Latinos and Banking in the United States: The Effect of Latino Heterogeneity, Country of Origin, and Acculturation On Bank Account Ownership
Methods: Data from the Current Population Survey’s January 2009 survey, along with a supplemental questionnaire on bank use were used. In order to understand differences between countries based on their country of origin, Latin American countries were organized based on their Human Development Index (HDI) scores. Groups were created for the U.S., Mexico, countries with moderate-HDI scores, and countries with low-HDI scores. Univariate, bivariate, and logistic regression analysis were conducted to determine the relationship between owning a bank account, the development level of different Latin American countries, key acculturation variables (U.S. citizenship, and speaking Spanish at home), and relevant control variables.
Results: The overall model was statistically significant (χ2 (20) = 1415.07, p<.001) with citizenship status predicting 77% greater odds of owning a bank account, and speaking only Spanish at home predicting 53% lower odds of owning a bank account. Interestingly, Latinos from moderately developed countries had 85% greater odds of owning a bank account, compared to Latinos born in the U.S. Further analysis documented that people from moderate-HDI countries were different from all other groups in certain control variables.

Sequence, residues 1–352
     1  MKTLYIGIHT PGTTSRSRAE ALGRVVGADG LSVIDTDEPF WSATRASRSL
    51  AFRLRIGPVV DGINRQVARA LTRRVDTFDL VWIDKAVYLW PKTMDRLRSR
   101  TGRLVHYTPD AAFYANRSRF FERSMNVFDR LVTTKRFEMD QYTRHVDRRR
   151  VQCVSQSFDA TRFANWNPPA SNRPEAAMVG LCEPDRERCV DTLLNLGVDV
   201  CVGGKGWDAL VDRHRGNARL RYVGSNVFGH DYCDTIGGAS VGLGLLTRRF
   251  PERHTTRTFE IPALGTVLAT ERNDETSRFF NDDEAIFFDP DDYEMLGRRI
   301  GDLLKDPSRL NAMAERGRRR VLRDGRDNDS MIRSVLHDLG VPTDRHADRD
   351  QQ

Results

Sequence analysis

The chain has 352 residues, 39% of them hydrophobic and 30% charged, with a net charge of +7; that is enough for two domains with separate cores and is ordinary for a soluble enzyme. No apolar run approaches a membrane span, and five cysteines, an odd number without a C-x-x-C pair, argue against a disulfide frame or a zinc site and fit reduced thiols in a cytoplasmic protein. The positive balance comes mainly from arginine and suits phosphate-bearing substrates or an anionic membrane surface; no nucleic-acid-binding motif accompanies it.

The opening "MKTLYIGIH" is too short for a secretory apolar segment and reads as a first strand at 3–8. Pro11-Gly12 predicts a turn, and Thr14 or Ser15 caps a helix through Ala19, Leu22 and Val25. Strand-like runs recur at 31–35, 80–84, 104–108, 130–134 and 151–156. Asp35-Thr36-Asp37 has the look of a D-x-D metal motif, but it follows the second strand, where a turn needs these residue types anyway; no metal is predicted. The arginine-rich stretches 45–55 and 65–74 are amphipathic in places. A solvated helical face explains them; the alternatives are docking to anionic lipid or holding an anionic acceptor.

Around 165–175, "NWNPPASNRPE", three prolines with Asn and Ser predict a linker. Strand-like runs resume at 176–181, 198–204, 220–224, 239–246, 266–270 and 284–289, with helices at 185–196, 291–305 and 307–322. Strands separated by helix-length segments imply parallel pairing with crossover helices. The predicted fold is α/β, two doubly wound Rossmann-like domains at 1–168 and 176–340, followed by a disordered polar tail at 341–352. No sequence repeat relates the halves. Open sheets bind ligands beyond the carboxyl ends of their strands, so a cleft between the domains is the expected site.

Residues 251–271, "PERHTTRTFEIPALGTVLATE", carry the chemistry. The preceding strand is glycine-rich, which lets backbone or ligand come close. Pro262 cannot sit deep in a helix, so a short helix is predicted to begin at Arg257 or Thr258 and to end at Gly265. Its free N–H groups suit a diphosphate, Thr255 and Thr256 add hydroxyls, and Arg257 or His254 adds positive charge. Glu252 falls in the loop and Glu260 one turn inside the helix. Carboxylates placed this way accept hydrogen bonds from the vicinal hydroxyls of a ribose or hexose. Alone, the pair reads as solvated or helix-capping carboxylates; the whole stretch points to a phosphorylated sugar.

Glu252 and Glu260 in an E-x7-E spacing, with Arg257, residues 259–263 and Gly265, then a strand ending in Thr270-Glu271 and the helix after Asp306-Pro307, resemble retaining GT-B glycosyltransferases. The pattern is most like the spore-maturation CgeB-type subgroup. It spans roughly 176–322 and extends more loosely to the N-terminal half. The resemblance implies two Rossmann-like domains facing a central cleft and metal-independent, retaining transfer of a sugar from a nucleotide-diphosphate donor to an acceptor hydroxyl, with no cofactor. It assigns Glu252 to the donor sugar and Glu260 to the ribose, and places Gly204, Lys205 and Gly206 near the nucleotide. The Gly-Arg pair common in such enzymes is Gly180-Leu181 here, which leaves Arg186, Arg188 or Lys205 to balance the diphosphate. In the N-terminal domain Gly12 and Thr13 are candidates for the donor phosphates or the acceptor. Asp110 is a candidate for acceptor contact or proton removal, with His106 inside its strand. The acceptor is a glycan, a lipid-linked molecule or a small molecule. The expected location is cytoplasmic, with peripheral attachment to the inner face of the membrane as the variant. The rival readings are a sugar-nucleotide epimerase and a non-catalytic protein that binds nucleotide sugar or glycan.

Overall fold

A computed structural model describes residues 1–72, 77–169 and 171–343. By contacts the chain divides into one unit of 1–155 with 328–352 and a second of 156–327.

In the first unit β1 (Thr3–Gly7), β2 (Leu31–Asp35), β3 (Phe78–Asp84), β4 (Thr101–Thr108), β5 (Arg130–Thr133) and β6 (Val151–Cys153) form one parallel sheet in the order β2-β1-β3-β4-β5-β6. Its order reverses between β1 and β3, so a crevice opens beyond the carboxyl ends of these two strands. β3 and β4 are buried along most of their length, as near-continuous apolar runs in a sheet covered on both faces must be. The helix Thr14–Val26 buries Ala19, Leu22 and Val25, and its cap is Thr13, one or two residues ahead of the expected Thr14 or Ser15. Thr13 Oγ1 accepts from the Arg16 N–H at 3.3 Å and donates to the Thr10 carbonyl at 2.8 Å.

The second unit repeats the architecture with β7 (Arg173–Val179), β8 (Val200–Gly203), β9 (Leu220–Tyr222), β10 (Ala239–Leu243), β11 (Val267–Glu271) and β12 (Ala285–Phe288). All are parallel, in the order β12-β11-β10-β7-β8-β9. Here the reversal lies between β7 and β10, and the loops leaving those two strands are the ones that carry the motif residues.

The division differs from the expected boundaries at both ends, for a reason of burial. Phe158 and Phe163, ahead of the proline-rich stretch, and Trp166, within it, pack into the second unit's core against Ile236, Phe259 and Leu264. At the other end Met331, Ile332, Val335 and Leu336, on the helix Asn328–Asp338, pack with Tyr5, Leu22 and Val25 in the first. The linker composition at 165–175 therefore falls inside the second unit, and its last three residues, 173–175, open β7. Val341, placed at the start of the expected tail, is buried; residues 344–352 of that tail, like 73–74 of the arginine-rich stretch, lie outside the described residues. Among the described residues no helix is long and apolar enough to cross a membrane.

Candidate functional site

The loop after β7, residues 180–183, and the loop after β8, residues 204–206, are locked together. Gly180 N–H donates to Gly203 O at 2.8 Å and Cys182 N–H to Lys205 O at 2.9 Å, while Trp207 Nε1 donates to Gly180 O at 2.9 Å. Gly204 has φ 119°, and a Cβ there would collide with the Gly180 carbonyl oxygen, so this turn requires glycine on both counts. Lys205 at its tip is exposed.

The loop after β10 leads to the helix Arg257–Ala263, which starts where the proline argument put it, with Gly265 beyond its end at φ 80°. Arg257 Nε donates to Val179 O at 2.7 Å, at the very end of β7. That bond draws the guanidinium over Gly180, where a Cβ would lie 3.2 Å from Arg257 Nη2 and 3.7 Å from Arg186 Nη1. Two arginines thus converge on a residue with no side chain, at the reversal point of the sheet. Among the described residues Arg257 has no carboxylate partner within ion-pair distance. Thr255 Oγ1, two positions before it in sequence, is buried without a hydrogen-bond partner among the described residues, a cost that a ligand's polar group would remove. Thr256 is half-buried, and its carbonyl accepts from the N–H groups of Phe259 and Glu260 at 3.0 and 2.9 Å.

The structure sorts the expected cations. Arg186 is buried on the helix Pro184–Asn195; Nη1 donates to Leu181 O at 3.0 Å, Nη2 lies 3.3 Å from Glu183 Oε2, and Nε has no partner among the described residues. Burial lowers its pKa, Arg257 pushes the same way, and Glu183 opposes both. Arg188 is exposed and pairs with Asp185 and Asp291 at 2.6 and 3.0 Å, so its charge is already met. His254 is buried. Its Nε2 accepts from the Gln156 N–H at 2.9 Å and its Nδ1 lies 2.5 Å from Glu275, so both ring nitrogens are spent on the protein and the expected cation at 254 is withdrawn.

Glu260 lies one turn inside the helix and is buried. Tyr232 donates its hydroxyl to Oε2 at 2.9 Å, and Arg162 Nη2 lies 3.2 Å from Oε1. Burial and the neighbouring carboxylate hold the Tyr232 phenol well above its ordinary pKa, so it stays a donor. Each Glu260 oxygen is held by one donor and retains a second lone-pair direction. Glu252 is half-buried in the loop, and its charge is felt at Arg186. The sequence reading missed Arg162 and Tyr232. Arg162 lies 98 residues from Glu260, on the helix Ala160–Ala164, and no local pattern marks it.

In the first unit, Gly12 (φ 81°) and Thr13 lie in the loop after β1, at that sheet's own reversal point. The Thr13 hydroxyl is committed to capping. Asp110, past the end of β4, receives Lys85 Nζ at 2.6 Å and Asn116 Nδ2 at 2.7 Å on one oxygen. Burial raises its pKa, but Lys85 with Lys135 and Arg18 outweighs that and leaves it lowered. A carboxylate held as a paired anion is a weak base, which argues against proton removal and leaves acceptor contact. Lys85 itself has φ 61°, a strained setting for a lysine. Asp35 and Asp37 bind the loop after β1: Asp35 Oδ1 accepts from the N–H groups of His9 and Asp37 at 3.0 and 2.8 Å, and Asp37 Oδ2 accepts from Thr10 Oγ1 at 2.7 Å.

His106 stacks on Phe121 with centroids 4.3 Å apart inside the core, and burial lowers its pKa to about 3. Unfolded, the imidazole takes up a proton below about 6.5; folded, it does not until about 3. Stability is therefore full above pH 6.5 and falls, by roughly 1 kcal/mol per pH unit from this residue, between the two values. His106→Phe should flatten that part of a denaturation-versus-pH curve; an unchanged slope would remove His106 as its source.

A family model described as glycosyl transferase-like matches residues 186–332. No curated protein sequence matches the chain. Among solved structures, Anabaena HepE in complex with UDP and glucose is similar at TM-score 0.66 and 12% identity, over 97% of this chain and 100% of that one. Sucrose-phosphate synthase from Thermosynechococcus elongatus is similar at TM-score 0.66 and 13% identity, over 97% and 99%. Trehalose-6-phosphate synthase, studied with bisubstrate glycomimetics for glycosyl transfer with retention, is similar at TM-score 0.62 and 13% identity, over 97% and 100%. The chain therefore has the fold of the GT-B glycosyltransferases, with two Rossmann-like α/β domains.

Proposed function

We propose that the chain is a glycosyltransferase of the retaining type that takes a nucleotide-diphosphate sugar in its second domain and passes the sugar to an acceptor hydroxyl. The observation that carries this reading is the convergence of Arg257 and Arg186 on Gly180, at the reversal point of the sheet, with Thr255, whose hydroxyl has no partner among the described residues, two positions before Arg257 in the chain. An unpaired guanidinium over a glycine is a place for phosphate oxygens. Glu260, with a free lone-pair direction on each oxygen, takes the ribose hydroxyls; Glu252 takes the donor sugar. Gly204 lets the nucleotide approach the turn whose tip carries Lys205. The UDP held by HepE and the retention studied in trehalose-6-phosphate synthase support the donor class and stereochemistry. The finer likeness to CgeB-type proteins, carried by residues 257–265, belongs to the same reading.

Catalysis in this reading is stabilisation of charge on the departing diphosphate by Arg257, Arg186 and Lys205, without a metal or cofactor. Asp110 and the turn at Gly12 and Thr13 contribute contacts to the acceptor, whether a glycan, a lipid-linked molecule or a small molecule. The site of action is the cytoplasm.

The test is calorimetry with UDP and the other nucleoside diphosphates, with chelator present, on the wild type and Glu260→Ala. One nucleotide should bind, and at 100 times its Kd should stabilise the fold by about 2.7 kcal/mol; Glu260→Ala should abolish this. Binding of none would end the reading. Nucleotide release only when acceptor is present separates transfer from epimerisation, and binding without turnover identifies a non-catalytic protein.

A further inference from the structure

Implications: Results of the acculturation variables were consistent with the capability approach with regard to the positive effect that acculturation can have on bank use. On its face, the 85% greater odds of owning a bank account for Latinos from moderate-HDI countries would seem to disagree with the capability approach, however it may point to the isolation that some U.S. born Latinos face. The reason for why U.S. Latinos have such poor outcomes is unclear and merits further research. Differences amongst the HDI groups supports the argument put forth by Massey and others, that Latinos are not homogeneous, and that current survey methodology fails to gather sufficient data to explain these differences. Conclusions advocate for increased research, and better sampling methodology, by researches who are interested in outcomes for Latino subgroups. The findings also have implications for financial educators interested in helping increase financial literacy and access for Latinos, with recommendations that encourage culturally competent outreach strategies.